According to the historian Richard Goldthwaite, Vasari was one of the earliest authors to use the term “competition” (or “concorrenza” in Italian) in its economic sense. He used it repeatedly, and stressed the concept in his introduction to the life of Pietro Perugino, in explaining the reasons for Florentine artistic preeminence. In Vasari’s view, Florentine artists excelled because they were hungry, with that hunger fueled by their fierce competition amongst themselves for commissions. Competition, he said, is “one of the nourishments that maintain them.” The Lives was also unique in that it included a novel treatise on the technical methods employed in the arts.
The book was partly rewritten and enlarged in 1568, which added the biographies of a number of artists then living, as well as Vasari’s own autobiography, is now much better known than the first edition and has been widely translated. The work has a consistent and notorious bias in favor of Florentines, and Tuscan art in general, and tends to attribute to them all the developments in Renaissance art – for example, the invention of engraving.
Venetian art in particular (along with arts from other parts of Europe), is systematically ignored in the first edition. Between the first and second editions, Vasari visited Venice and while the second edition gave more attention to Venetian art (finally including Titian) it did so without achieving a neutral point of view.
Vasari’s writing style in The Lives is anecdotal and eminently readable. When facts were scarce, however, he did not hesitate to fill in the gaps with information of questionable veracity. His biographies are interspersed with amusing gossip. Many of his anecdotes have the ring of truth, while others are inventions or generic fictions. One such example is the tale of a young Giotto, then a student of Cimabue, painting a such a realistic fly on the surface of a painting that the older master repeatedly tried to brush away. This telling by Vasari is a genre tale that echoes anecdotes told of the Greek painter Apelles.
He did not research archives for exact dates, as modern art historians do, and naturally his biographies are most dependable for the painters of his own generation and those of the immediate past. Modern criticism – with new materials opened up by research – has corrected many of his traditional dates and attributions.
Despite these flaws, Vasari’s work in Lives represents the first grandiose example of modern historiography and has proven to be hugely influential. The canon of Italian Renaissance artists he established in the book endures as the standard to this day. Moreover, the trajectory of art history he presented has formed the conceptual basis for Renaissance scholarship and continues to influence popular perceptions of the history of Western painting.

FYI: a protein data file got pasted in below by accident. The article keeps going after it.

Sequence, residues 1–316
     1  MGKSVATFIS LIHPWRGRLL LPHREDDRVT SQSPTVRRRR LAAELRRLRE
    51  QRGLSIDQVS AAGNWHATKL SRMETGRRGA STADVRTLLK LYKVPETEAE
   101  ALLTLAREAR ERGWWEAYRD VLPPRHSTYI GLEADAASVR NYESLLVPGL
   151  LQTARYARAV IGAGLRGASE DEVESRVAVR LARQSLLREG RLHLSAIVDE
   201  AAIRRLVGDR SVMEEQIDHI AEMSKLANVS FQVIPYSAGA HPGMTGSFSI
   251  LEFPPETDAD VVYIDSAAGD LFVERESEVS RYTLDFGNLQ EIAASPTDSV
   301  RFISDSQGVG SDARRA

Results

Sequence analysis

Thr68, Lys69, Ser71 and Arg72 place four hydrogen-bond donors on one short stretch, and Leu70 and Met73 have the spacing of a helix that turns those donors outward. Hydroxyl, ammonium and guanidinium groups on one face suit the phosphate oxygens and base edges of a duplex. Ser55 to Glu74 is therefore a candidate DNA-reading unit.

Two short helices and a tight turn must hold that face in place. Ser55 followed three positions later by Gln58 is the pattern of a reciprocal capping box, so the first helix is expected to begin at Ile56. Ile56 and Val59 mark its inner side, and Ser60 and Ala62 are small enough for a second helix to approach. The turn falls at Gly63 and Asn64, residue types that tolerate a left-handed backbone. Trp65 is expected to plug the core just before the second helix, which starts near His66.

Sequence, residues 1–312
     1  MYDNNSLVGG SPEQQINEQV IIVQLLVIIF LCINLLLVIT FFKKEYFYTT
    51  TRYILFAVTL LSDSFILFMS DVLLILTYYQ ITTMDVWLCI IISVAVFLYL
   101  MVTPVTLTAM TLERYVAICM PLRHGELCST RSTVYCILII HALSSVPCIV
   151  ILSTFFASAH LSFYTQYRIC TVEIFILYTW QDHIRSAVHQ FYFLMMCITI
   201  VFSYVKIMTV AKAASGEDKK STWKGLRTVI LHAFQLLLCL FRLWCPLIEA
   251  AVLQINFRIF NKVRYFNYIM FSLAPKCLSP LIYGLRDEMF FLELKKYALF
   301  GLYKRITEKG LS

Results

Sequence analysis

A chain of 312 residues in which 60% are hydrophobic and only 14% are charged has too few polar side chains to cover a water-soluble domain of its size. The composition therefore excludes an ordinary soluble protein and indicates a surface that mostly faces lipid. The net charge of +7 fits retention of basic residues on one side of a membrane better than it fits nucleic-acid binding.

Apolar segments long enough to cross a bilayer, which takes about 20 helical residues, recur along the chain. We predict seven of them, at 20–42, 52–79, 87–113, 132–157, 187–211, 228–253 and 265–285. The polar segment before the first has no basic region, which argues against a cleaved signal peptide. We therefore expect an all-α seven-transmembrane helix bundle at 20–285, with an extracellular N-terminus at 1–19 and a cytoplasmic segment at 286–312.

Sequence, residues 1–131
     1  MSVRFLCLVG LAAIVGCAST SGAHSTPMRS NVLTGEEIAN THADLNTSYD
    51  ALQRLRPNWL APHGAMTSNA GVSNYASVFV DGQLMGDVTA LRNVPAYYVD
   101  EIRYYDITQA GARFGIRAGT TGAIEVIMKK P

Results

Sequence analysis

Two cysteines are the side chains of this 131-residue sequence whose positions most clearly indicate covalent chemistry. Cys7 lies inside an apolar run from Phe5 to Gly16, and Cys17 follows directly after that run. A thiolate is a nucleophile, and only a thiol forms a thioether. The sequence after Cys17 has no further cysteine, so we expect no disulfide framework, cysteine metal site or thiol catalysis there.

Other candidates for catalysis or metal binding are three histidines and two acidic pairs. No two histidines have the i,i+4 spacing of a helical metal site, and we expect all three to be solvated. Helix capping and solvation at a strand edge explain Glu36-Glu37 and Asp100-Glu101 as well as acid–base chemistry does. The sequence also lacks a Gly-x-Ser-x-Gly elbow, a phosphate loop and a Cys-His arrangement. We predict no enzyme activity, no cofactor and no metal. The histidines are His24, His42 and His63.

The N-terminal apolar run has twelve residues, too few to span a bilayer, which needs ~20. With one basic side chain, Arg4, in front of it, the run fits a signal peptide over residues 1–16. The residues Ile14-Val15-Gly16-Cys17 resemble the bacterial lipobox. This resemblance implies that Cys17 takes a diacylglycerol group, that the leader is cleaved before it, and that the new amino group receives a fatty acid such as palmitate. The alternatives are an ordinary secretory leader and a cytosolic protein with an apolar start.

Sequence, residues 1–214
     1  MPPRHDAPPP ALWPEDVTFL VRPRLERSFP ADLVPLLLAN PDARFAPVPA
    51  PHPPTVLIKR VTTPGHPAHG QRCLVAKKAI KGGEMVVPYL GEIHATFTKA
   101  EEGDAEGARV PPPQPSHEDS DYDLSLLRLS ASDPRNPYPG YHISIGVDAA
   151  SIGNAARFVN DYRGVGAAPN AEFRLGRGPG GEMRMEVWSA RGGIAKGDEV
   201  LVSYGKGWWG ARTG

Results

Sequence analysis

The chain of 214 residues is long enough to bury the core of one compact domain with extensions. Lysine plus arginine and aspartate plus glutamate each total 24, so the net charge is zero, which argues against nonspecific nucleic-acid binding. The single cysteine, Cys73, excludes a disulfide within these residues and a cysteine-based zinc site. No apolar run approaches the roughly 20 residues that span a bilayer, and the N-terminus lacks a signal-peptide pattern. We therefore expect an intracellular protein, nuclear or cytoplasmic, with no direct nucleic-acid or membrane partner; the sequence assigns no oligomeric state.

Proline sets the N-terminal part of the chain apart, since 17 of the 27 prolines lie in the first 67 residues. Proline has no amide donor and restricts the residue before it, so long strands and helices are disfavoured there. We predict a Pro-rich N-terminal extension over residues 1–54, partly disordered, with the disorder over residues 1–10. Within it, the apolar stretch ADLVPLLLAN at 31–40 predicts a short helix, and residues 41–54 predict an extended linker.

Vasari enjoyed high repute during his lifetime and amassed a considerable fortune. In 1547, he built himself a fine house in Arezzo (now a museum honoring him), and decorated its walls and vaults with paintings. He was elected to the municipal council or priori of his native town, and finally rose to the supreme office of gonfaloniere. In 1563, he helped found the Florence Accademia e Compagnia delle Arti del Disegno, with the Grand Duke of Tuscany and Michelangelo as capi (heads) of the institution, and with 36 artists chosen as members.
In 1572, Giorgio Vasari died of unspecified causes at the age of 62, in Florence. His body was transported to his hometown of Arezzo for burial at the church of Santa Maria della Pieve. According to church records, “”…today, this day June 27, 1574, it pleased God in the Sunday morning hour of three and one half, to give rest to the soul of the happy and well lived Sir Knight Of The Golden Spur, Giorgio Vasari, famous painter and architect, in Florence at his home in Borgo Santa Croce, and the body of which is sent to be buried in Arezzo, in the grave arranged by him in the altar chapel he built and manufactured in Pieve Collegiate Aretina.”
Later in 1865, the church was restructured and his body, along with that of other dignitaries, was taken from its original burial spot, and “and these were placed in chestnut crates …and it was built, a pit in the center of the Church, that is 13 meters from the wall of the Porta Maggiore and 4 meters from 3.a column, so that grave was located in the center of the middle aisle, and the said pit it is long and deep m.1,20 m.3.70 with parallel walls on all sides, then covered by a crawlspace and then floor. In this pit there were placed the caskets filled with the remains of the following corpses…,” a list of names then appear, including Vasari’s.